Mexico City - Interviews

Yann Gerstberger and Mexico City’s Magnetism

3 months ago

French artist Yann Gerstberger will have his first solo show –“Ice News and Freeway Fetishes” – at OMR gallery in Mexico City next February during Zona Maco. We had a little chat with him to explore his original practice and his world.

My Art Guides: Your current practice is deeply connected to Mexican popular culture. How is this place influencing your art? Have you always been attracted to this culture?

Yann Gerstberger: I see mostly connections between what is considered (Mexican) popular culture, arte popular, contemporary art, outsider art, graffiti.. I think what’s cool when you are an artist (a painter or a sculptor for example) is you can drive (and eventually run over) those categories because you’re generating another kind of language that goes beyond those definitions. Obviously they are identifiable signs in my work and by chance people recognize them so those signs are like little flytraps.. they stick to your eye and then you can go deeper. Recently I’ve been pretty much obsessed by the Yoruba culture. I have never been to Lagos. There is a graphical link between the beads layout in the Yoruba crafts and some of the Ernst Ludwig Kirchner etchings of the Alps.. I’m trying to transliterate this feeling in my works, adding some abstract mosquito shapes, that are sometimes died with cochineal.

MYAG: Could you tell us more about your practice? How did you get into your original textile technique?

YG: I started to use mops to do collages when I was in Marrakech a few years ago. I was inspired by the boucherouite carpets as well as the berber carpets.
Boucherouites are made with old t-shirts and clothes. I started to use mops because they are the most basic, common, easy-to-find kind of fabric. I realized people use different kind of mops around the world, like the ones in Marrakech are different from the ones in NYC, Marseille or Mexico. I started to work with the Mexican mops that are made of strings. It’s a mix of cotton and polyester. They are white/beige when they arrive at the studio, then we dye them. Technically speaking, it’s not weaving. I use cotton strings but I don’t weave them. I stack and glue them on recycled vinyl banner. I dye the strings myself with industrial dyed as well as cochineal. It’s not technically painting either because I don’t use a brush. I sometimes use a sprayer full of chlorine to draw directly on my materials, graffiti like.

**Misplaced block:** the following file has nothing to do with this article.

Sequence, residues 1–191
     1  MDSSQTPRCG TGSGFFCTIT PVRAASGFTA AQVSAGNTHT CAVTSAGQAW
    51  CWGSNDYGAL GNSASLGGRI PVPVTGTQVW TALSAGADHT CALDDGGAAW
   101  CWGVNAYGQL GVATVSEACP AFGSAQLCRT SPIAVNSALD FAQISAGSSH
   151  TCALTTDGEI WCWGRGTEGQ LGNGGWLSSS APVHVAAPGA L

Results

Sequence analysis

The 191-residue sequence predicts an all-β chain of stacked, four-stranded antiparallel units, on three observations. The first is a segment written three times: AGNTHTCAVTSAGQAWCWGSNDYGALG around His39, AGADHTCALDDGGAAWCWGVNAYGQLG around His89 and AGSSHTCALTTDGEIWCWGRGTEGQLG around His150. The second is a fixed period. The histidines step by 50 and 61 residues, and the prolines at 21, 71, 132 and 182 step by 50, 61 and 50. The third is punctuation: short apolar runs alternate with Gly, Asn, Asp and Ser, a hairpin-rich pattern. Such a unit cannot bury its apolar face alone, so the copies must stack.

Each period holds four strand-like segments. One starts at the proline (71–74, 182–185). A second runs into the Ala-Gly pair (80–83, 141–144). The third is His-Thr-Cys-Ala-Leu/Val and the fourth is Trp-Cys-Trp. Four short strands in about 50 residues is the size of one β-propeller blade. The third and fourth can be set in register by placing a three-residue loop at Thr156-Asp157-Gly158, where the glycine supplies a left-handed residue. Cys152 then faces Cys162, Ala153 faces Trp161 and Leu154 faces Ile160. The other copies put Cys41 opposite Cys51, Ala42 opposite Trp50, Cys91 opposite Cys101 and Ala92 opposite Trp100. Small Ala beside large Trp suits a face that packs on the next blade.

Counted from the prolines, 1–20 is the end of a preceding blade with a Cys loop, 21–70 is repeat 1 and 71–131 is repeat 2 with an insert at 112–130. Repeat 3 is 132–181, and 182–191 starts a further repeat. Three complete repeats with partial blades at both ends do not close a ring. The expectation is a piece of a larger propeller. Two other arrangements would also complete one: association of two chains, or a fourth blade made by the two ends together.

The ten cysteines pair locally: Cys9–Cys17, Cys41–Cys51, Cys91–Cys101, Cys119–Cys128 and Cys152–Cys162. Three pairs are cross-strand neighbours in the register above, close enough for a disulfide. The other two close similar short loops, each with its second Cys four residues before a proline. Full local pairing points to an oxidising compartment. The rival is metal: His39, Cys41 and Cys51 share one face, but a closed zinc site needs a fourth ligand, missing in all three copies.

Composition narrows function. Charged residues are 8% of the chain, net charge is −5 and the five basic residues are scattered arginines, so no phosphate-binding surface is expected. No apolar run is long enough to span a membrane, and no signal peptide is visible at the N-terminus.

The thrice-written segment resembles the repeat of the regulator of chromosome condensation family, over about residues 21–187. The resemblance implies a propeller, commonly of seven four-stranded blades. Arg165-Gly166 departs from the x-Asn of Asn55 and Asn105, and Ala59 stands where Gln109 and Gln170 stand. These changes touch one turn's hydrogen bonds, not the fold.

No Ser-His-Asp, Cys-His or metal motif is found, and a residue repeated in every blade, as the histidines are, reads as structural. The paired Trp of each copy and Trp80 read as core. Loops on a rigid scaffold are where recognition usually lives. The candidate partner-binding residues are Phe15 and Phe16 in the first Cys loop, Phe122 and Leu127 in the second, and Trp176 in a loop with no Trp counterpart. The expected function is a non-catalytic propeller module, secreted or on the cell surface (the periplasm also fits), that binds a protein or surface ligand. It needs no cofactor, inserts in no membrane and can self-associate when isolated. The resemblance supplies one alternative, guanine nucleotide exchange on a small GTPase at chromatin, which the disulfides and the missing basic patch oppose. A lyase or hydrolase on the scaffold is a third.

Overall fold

MYAG: What will you present in your first solo show at OMR?

YG: The show is called “Ice News and Freeway Fetishes”. It’s based on a mushroom experience I had with 2 friends of mine after an excursion in the Tambopata national reserve in the Peruvian Amazonian rainforest. I will present a new series of tapestries as well as a family of sculptures and I’m doing a chalk mural that will cover the integrality of OMR basement space. It’s going to be full of bird messengers and abstract lepidopterists hunters. I’m also presenting my first monograph for the occasion, Baby Comet Face, with Zulu Press.

MYAG: You were born in France but you live in Mexico. When and why did you decide to move to Mexico City?

YG: I don’t know why I’ve always had the feeling that the Zocalo is the center of something more vast than the city by itself. It’s weird because I’m not that much attracted by official areas or monuments, they are often ugly.. in Mexico and everywhere else. I guess the first time I saw pictures of the Zocalo and the historical center of Mexico City was in Francis Alÿs videos and actions, people protecting themselves from the sun in the flag’s shadow, dogs sleeping around, La Merced.. they must have left a mark on me. I studied and lived in Marseille for a while and as far as I can remember I had an ‘elsewhere’ fantasy.. my state of mind was: what am I going to talk about if I stay here? I felt like a urge to travel and explore new areas. I came several times to Mexico before I took the decision to set myself here. It came pretty much naturally. I stayed because of the beautiful people I met and the woman I came with, my partner at that time, I don’t know if I would have been able to make the move without her.

MYAG: What is your perspective on the city’s art scene?

YG: I feel like the new generation of artists is very dynamic and active even if the gap between the established and the youth is huge. I think this is a fertile context
considering the fact that the city is always mutating, locally, internationally, politically, geographically, physically.. There is a lot to do.

MYAG: My Art Guides likes to recommend to its readers unique places to visit in each destination, not necessarily connected to contemporary art, in your opinion, what are the absolutely unmissable places, landmarks and spots in Mexico City? And could you recommend something that shouldn’t be missed during the art week?

YG: Most of my favorites places are located in the historical center: Sanadoras la Calderia, Fray Servando 333: the best soups in town; Bosforo Mezcaleria; Café ReginaThe Museo de Arte Popular library (only by appointment); Baños Señorial (massage, sauna, day spa); Ex Covento Desierto de los Leones for a little breakaway

My Art Guides Editorial Team

  • Yann Gerstberger Yann Gerstberger
  • Yann Gerstberger, Studio, Courtesy of Galería OMR Yann Gerstberger, Studio, Courtesy of Galería OMR
  • Yann Gerstberger, Atarraya, Photo Courtesy Sorry We'reClosed © Sebastien Janssen Yann Gerstberger, Atarraya, Photo Courtesy Sorry We'reClosed © Sebastien Janssen
  • Yann Gerstberger, Queen Niya Yoruba Corona Yann Gerstberger, Queen Niya Yoruba Corona